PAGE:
Konch Magazine - Interview with Rudolfo Anaya by Ishmael Reed

What was your experience with having "Bless Me Ultima" for the screen?


   The Bless Me, Ultima movie was a great experience for me. Carl Franklin and company did fantastic work in taking a novel with many side plots and presenting a unified story. The  movie realistically portrays New Mexico scenery, customs and characters. I felt the characters in the movie reflected those I had written in the novel. What a thrill, seeing my characters come alive on the big screen. I attended the premiere in Santa Fe. The audience cheered and clapped at the end, some cried.

    Carl visited me at our home. He was very good about asking my advice on things. I made a few suggestions on his screenplay. He's a great guy to work with. Sarah di Leo, one of the producers, stayed in contact with me throughout the filming. Not every important theme in the novel could be presented in the film. Carl was wise in stressing the role of family, Antonio's emerging spiritual conflict, Ultima's guidance, and the brothers' return from World War II.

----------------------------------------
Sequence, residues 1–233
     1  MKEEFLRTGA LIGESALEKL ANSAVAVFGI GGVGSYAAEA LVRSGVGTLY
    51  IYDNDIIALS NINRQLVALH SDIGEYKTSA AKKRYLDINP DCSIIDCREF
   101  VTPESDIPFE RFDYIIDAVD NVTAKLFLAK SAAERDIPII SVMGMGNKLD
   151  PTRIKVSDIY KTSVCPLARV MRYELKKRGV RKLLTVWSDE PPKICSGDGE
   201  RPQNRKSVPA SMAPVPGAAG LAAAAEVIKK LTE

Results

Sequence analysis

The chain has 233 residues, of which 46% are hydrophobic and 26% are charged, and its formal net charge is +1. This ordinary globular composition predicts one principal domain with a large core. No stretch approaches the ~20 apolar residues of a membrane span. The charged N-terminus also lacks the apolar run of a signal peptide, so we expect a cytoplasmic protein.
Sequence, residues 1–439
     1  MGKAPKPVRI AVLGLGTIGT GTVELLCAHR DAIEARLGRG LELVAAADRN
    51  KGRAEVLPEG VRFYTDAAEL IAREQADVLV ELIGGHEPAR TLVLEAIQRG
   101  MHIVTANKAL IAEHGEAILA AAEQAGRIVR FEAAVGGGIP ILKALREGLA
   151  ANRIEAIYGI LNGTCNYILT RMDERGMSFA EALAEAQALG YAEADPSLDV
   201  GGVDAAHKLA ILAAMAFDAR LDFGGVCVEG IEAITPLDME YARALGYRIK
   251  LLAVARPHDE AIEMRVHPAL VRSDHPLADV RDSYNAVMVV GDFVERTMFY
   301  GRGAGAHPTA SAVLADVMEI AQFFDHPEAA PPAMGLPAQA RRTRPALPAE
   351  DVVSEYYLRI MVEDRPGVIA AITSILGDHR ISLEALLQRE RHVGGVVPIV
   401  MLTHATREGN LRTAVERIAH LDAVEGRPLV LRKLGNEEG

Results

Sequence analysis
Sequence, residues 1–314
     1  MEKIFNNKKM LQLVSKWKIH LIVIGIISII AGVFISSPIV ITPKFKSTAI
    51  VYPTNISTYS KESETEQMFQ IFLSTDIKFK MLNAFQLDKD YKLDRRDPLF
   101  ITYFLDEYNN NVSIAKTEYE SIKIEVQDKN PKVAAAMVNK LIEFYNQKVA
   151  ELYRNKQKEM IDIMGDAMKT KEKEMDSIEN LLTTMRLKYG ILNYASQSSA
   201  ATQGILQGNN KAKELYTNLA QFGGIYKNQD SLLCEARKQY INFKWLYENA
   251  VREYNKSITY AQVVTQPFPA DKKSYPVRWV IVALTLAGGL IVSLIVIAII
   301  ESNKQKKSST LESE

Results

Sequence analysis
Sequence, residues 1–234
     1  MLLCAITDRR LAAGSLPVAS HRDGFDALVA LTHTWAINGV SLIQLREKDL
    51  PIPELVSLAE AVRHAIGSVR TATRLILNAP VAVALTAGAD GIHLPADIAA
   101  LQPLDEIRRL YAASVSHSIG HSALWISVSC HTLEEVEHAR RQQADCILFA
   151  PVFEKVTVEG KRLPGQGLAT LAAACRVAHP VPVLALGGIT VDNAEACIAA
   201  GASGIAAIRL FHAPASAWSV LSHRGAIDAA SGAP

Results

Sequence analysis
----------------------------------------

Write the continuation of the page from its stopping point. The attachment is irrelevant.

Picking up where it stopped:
As you know, the big money in Hollywood has not taken an interest in producing Chicana/Chicano stories. People have said maybe Bless Me, Ultima will be a break through and wake up Hollywood. The Mexican American community has loads of stories that lend themselves to film. In the meantime, we rely on independent film makers and their instinct for producing good stories.




The Old Man's Love Story is a beautiful poetic book about the loss of a loved one. This had to be a difficult book to write. How much did Patricia's spirit help you get to the finish line of completing this book and do you still talk to her?



  Yes, The Old Man's Love Story was difficult to write because of the gut-wrenching emotions of loss I was going through after Patricia died. But it was also a liberating book. Writing it was my catharsis. Am I done with my sense of loss? Of course not. One never is, but I am more accepting of her leaving now. At the time I felt compelled to make some sort of contact with her spirit. I needed to know she was safe in that vast world of spirits.  She was my soul mate, so the book became a record of my communications with her. Her presence was very strong that first year, guiding me, always telling me that I was trying too hard to find her. We learn excessive grief is not good. I still talk to Patricia all day long, ask her advice on things, tell her what I am doing during the day, say silly things, and always ask her blessing. Soul to soul, we are all connected, and we must be connected to a universal soul, the Great Mystery.